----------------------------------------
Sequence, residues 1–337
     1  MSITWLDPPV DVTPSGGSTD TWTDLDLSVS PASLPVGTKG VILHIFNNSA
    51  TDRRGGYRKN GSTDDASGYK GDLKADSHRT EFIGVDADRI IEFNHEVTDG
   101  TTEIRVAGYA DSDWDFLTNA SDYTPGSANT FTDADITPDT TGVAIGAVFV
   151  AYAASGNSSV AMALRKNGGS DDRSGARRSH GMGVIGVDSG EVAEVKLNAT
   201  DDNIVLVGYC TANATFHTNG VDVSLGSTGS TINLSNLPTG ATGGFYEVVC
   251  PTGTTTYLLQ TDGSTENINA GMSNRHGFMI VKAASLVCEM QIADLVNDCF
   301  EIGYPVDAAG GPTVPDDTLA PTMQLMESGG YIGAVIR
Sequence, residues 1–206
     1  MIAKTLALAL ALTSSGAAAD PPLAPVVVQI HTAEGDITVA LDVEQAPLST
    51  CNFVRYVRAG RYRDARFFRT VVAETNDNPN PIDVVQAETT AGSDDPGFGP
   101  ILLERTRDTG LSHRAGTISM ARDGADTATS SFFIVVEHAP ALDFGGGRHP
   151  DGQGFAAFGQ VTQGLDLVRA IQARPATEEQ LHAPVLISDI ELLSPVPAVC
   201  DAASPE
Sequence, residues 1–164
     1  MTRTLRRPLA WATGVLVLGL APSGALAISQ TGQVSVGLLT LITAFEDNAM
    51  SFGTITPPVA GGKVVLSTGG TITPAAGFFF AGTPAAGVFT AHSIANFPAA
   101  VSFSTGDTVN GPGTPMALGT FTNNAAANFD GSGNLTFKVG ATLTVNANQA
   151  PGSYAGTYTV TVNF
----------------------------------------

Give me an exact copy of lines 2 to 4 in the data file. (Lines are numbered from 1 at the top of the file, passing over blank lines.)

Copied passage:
     1  MSITWLDPPV DVTPSGGSTD TWTDLDLSVS PASLPVGTKG VILHIFNNSA
    51  TDRRGGYRKN GSTDDASGYK GDLKADSHRT EFIGVDADRI IEFNHEVTDG
   101  TTEIRVAGYA DSDWDFLTNA SDYTPGSANT FTDADITPDT TGVAIGAVFV